“It’s brilliant stuff,” Bobrow said.

2. Make your own liqueurs

Sometimes it’s harder than it should be to get your hands on a specific liqueur. Sometimes, it’s just cheaper to make them yourself.

Mike McSorley, Head Distiller and Brand Ambassador at Island Distillers, has a handful of quick fixes when behind the bar.

Cointreau substitute

  • 750 ml 100 proof vodka
  • Zest of 2 oranges
  • Steep for 24 hours
  • 187 ml rich simple syrup

St. Germain substitute

  • D’arbo elderflower syrup
  • 100 proof vodka
  • Small pinch citric acid

3. When you need to MacGyver it

Sometimes it’s simply a matter of being put in a tough spot in the middle of a rushed service.

Izzy Ramos Foster, owner of Mixotica Cocktail Design, has had to make a handful of fast decisions in her time.

“For a Sidecar, using Tuaca and/or Licor 43 as a substitute when your orange liqueur unexpectedly runs out has worked every time,” Foster said. “Sometimes it works in a Margarita, depending the tequila. I’ve never had a complaint!”

Other off-the-cuff substitutions have been a bit more unique.

“I’ve also had to resort to using crushed Altoid breath mint powder (diluted in a bit water and strained) a couple of times when a sudden Mojito craze hit, fresh mint ran very low, but the cocktails needed to go out stat,” she said. “It’s not my proudest ‘professional bartending’ moments but it worked and the party went on!

4. All in the family

When it comes to replacing ingredients, remember that like replaces like.

For example, if you’re short on Cynar, you could easily swap out with a similar potable bitters like Campari (although it’s much fruitier than Cynar), Fernet Branca or Punt è Mes — a dark, bitter Italian vermouth produced by Carpano.

Consider the balance of your drink and its key features, and you can even create some unique cocktails by switching out key ingredients. For example, if you’re short on vodka when dying for a Moscow Mule but happen to have a silver rum in the house, replacing the vodka with rum leads to the heavier, richer Jamaican Mule.

5. Knowledge is your best substitute

Finally, have a working knowledge of how flavors relate to each other — and an even better understanding of what you actually have access to behind your own individual bar.

“Knowledge is key here,” said Matthew Biancaniello, owner of Eat Your Drink, LLC.

Specifically, while behind the bar one night Biancaniello noticed he had suddenly run out of fresh lime juice. What he did have, however, was fresh passion fruit juice.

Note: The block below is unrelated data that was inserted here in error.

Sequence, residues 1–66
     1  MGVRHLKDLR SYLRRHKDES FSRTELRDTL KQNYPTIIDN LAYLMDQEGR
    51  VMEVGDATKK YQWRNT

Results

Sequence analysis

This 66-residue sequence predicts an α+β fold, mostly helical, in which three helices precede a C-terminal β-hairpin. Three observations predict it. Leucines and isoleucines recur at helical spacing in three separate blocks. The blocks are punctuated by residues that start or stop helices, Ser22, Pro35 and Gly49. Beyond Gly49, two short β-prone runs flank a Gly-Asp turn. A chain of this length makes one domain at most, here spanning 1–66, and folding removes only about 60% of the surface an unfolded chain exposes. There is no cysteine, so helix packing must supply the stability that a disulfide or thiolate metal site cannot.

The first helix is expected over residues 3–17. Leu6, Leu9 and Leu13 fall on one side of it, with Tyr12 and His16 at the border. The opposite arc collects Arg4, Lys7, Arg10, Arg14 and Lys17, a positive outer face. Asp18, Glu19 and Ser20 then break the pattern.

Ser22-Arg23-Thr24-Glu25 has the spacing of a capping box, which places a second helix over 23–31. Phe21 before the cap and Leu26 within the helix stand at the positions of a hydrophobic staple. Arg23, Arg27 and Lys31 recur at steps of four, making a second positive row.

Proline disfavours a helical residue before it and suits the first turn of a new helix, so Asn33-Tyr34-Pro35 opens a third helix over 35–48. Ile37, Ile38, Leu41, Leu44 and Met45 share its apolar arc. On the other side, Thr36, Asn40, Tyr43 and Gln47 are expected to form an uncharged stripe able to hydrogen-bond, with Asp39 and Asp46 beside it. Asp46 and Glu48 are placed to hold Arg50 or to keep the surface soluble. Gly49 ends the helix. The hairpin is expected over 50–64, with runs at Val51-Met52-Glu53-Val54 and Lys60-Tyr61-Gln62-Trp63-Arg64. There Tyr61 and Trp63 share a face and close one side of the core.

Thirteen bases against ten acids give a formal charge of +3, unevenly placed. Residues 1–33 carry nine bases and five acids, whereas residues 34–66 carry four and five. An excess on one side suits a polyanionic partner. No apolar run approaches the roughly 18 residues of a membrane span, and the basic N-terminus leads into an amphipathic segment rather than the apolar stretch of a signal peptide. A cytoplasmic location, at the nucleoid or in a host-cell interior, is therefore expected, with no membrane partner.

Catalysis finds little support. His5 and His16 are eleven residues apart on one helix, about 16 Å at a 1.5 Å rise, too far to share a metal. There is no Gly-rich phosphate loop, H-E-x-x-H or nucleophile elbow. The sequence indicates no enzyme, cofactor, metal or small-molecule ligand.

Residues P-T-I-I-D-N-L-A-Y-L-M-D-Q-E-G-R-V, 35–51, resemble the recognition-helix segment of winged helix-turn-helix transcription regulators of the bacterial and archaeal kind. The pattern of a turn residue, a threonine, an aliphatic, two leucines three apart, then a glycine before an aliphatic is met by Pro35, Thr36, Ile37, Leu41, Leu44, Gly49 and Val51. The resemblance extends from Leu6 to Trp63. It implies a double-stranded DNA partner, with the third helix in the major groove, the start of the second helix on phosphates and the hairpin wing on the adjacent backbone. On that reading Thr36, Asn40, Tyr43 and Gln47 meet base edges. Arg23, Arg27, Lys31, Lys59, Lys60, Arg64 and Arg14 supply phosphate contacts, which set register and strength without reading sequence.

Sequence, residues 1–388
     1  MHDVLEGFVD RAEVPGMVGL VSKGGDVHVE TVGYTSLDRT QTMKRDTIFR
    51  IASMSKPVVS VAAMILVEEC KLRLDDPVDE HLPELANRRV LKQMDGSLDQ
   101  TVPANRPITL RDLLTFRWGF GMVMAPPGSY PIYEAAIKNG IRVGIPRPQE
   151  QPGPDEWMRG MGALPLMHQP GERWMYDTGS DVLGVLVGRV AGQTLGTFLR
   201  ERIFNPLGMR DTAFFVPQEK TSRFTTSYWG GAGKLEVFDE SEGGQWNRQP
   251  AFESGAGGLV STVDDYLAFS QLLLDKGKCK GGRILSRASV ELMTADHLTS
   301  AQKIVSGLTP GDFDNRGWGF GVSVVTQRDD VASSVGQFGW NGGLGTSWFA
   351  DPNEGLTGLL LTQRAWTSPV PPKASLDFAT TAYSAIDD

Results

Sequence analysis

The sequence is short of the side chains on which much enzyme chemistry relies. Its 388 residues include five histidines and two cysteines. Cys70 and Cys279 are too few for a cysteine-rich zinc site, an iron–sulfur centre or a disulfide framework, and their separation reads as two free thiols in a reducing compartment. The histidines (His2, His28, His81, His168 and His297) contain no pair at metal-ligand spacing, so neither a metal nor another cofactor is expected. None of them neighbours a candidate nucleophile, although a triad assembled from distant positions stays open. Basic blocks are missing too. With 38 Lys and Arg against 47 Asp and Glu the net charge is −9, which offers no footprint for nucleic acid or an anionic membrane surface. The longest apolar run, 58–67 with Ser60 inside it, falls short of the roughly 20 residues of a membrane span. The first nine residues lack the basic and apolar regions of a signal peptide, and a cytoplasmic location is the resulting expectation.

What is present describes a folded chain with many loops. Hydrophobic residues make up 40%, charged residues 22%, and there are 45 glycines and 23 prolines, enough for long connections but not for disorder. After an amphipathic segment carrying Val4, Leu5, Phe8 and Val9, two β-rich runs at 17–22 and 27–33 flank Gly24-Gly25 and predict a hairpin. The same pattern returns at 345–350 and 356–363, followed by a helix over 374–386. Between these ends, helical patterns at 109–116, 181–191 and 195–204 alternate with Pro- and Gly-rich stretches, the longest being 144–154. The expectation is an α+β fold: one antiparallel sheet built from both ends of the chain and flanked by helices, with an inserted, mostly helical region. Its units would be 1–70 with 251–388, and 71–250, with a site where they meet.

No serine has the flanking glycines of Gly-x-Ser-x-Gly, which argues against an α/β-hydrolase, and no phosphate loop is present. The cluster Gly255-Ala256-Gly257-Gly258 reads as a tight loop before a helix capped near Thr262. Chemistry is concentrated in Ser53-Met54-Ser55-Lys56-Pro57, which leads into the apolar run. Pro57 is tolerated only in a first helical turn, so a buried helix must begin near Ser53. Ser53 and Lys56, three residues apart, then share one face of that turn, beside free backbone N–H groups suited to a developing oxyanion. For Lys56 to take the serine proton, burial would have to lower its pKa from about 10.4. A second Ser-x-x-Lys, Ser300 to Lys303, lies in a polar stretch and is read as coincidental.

“Instead of 2 ounces of lime juice, I did 3/4 ounce of passion fruit juice,” he said. “The passion fruit became the citrus in place of the lime juice. By reducing the amount I was able to keep the citrus there without making it painfully obvious that I wasn’t using the usual ingredient.”

The key to quick substitutions behind the bar is a deep knowledge and appreciation of similar flavors, a willingness to play around with different ingredients, and the ability to think on your feet.

Substitution quick tips:

Substitute liquors and liqueurs from the same family. In a pinch, rye can stand in for bourbon.

Take the time to play around with different flavors before you really need to punt. Having a knowledge of parallel flavors will keep your flavors relatively consistent.

Don’t be afraid to play around with different flavor combinations to create something new (so long as your patron knows that you’re being creative).

Musing on Mamont

I never fully got it about Mamont until I drank it in Moscow. It was there, in the Ministry of Science that I felt the deep inner meaning of Vodka. And I knew at that moment this was one of the worlds best. And I had to share it. 1/2 oz at a time.

Mamont Vodka
Mamont Vodka; Photo by Warren Bobrow.

Product Review: Source Vapes

Product Review:  Source Vapes…


As Twitter is the arbiter of “leveling the playing field” I bring attention to the plethora of smoking mechanicals that litter the marketplace.  With all due reverence to the companies that make high end products, there are many others that are not up to snuff.  I will not be reviewing those.  Just like when I offer liquor reviews, if your product sucks, I’m not going to write about it. Benign Neglect is what this is called.

So you make what I consider the top in your class?  Well then- not to worry.  I want to say nice things about your craft.  If your product is easy to use- all the better- and if it makes my life easier- well, this is a small victory in life.  Because not everything is easy.  Far from!

I received a lovely little metal box in the mail from Source Vapes.  Not knowing what to expect, and with full disclosure- I use cannabis daily by smoking it (the old fashioned way…) – so my experience level is quite advanced from nearly 40 years of smoking pleasure… Yet I had never used a Source Vape product before.  I had no idea what all the parts did, and with that said, I headed over to their website and I was still quite confused.  What goes into the Source Vape?  Dry herbs?  (NO!!!) Something else? (YES!!!!!!)  but what is that something else.  Evidently you cannot say what goes into it.  Is there a law prohibiting this disclosure?  I doubt it.  But here in my state where I know no one who uses such a contraption, well I had no clue what to do, nor how to do it!

Not that this is bad.  I just didn’t have a good teacher to walk me through the process.